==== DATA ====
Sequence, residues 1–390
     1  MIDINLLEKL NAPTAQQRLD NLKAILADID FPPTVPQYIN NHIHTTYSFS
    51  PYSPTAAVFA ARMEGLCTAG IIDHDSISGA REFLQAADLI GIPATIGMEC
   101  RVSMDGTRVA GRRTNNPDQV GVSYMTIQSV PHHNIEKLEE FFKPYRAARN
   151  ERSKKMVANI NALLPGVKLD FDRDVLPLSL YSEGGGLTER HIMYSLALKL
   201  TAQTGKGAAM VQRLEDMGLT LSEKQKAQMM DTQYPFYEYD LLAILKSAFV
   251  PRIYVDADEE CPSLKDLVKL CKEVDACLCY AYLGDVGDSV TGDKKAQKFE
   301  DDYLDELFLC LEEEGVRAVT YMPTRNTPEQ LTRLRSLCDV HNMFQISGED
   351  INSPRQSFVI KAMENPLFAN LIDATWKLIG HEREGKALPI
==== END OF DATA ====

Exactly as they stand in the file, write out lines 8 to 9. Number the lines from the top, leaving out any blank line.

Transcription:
   301  DDYLDELFLC LEEEGVRAVT YMPTRNTPEQ LTRLRSLCDV HNMFQISGED
   351  INSPRQSFVI KAMENPLFAN LIDATWKLIG HEREGKALPI